By Eve W. Engle

The dogs rule in our house. They are fed first, allowed in our bed, have their own bed in the guest room and sneak up onto the sofas when we aren't looking. Maxie, short for Maximus, is a Golden Retriever/Great Pyrenes mix, Sammy is a Black Lab/Border Collie mix. His full name is Samuel L. Jackson after one of my favorite actors. Both were abused and rescued from their former owners. They get cookies every morning.

Sunday, July 12, 2015

The Indiana Farm Boy at 100: The Art Student

The John Herron Art Institute was established in 1902. Eventually renamed the Herron School of Art, by 1967 it was absorbed into Indiana University. But in 1935 Frank Engle was a poor boy with no source of tuition funding. A supporting teacher from Anderson High School understood how talented her student was, and encouraged him to apply to art school. She helped him put together a portfolio to show the faculty at Herron. They were impressed and he was accepted into the sculpture program.

Frank worked hard, really hard. But just because he was able to get into college didn't mean he had the money to survive. He nearly starved to death. Walking the trolley lines in Indianapolis where Herron was located, he would search for lost coins in hopes of finding enough for at least a  cup of coffee. He managed to get through this tough period. Under the tutelage of renowned sculptor David Kresz Rubins, he produced some of his best work while he was a student there. He did so well he won the prestigious Mary Milliken Award his senior year.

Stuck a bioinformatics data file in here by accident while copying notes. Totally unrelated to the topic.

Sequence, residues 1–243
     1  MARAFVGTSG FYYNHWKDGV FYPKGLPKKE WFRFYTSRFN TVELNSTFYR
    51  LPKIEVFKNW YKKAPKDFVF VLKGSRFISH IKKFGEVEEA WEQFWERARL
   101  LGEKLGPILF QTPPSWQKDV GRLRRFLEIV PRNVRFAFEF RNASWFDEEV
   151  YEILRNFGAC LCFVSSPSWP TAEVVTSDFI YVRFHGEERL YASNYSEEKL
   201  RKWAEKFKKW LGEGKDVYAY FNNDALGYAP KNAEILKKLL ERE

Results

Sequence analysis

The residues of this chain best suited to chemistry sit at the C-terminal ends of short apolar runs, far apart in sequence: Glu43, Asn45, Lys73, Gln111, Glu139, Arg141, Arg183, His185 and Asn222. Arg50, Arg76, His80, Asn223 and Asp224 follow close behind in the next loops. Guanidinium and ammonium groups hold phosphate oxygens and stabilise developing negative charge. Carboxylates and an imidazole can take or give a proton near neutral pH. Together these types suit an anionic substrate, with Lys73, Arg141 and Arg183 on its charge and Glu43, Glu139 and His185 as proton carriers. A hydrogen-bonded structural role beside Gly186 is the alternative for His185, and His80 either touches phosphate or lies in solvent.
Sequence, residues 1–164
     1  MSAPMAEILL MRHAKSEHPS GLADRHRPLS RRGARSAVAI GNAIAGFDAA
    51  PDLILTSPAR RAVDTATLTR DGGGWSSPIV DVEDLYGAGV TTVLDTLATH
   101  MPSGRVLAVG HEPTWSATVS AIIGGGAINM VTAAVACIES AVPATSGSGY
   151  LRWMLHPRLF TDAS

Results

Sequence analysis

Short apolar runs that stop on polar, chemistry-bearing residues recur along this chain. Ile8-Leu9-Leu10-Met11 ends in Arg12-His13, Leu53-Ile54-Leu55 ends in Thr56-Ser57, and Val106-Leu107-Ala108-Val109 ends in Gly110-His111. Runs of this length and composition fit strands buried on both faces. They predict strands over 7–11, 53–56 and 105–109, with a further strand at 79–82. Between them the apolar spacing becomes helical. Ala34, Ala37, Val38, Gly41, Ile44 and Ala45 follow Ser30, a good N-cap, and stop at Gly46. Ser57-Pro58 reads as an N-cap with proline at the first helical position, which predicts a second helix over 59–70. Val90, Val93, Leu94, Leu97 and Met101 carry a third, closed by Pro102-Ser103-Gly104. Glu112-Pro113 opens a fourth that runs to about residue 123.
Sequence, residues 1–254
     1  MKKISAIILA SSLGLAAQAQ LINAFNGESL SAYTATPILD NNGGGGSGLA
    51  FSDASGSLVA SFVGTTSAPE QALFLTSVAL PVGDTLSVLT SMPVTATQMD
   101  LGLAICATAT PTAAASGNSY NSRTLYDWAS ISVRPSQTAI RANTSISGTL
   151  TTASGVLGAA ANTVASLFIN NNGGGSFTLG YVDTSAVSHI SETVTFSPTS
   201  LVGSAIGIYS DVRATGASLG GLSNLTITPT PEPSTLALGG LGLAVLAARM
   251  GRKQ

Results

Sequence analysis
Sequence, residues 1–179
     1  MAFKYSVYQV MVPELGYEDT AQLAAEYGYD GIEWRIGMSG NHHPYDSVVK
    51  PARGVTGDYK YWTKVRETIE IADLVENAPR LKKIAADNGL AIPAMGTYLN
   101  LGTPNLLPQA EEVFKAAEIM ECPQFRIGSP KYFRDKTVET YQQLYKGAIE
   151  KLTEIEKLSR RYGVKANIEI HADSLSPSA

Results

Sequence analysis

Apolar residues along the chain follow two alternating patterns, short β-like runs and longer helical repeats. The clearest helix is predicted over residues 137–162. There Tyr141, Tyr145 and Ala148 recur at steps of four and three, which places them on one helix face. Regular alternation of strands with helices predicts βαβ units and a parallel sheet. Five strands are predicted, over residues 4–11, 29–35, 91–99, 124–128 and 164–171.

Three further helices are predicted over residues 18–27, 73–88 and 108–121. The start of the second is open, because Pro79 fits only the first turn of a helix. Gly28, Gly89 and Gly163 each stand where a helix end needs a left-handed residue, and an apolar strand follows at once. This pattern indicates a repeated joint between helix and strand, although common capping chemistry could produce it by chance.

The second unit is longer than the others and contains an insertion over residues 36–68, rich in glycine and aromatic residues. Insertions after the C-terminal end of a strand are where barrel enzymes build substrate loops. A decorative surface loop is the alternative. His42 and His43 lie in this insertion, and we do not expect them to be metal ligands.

The Milliken Award was established in 1928 by William Milliken in honor of his wife. It is still being awarded to outstanding students in any medium. When Frank won the award in 1940 he hoped to use it to tour the best art museums and to study in Europe. But the Nazi's had other plans. Already in Poland, they invaded France in May of 1940 which made it impossible for him to tour Europe. That June, along with other two other award recipients, Loren Fisher and Floyd Hopper, Frank begin a trek of 18,000 miles. The three men toured the art centers along the East Coast, Canada, and Pacific Coast to California, and then down into Mexico instead. The men built a small caravan camper from scraps which they pulled behind Fisher's brand new car and traveled together studying ceramics, sculpture, painting, and other mediums by artists in North America. But all good things must come to an end. And did it ever when Japanese "zeros" attacked the American bases in Hawaii. Frank was no longer a student under the protection of a college. He was a man, and there was a war on.

Below: Frank as a student at Herron School of Art, c. 1939

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